So, what was it like? Standard amber colour, very cloudy liquid, very little head, and the taste….well lets just say its “unique”. The vegetative additions of “spruce” and “tea tree” are clearly evident. Beer made from swamp water is probably the best description. But you know, if, like Cook and his crew, you regard it as a “health tonic”, then its perfectly drinkable. Suspending the rum ration for three days of beer drinking was just a happy side-benefit of this health-tonic! A lot better than drinking water from a barrel that first you had to skim the scum off the top, and then strain out the yard long ropes of algae. I recall Cook writing that the first sips of this spruce beer were “terrible astringent” and that the beer was then sweetened with “moleasses”. That is still evident, there’s a hint of something mouth-shattering underlying this modern recipe. I can imagine the first taste of their unsweetened brew must have been a real slap in the face. But again, they regarded such bracing acidic tastes as evidence of health giving properties. These were serious hard men, used to eating and drinking some shocking muck. No matter what it tastes like to me, this healthy swamp water beer tasted like “Nectar of the Gods” to them. In Cooks own words, “Beer was exceeding palatable and esteemed by everyone on board”. I’m sure an annual April 2nd dose of tonic for me will keep me happy healthy and wise.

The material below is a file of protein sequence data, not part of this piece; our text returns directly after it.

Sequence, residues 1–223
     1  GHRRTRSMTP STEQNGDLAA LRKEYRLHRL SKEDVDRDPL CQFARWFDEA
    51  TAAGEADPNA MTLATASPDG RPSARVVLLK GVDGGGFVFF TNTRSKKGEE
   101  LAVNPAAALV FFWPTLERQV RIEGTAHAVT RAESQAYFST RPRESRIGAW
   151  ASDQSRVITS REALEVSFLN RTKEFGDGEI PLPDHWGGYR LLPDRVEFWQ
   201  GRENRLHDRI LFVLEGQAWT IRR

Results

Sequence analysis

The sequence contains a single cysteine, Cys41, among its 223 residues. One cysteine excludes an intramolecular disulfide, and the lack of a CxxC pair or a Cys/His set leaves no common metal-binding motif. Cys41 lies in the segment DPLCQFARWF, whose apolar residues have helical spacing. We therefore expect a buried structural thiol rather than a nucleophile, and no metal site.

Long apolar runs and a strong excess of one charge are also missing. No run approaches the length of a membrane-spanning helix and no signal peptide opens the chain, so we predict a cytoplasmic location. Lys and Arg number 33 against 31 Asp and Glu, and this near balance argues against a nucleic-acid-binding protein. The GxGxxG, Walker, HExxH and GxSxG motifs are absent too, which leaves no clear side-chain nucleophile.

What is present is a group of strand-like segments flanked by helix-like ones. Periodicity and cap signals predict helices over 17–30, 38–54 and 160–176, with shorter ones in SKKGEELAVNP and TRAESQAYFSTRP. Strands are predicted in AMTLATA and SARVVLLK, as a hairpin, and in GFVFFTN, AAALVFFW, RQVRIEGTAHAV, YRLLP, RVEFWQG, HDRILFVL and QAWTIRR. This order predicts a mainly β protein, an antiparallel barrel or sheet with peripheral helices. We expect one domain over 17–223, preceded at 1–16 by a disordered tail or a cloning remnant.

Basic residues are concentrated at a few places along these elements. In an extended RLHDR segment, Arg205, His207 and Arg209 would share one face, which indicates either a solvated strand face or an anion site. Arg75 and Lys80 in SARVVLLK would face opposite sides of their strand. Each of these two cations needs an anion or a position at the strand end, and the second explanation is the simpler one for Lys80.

Yes, yes, I know this isn’t pencil stuff, but just indulge me.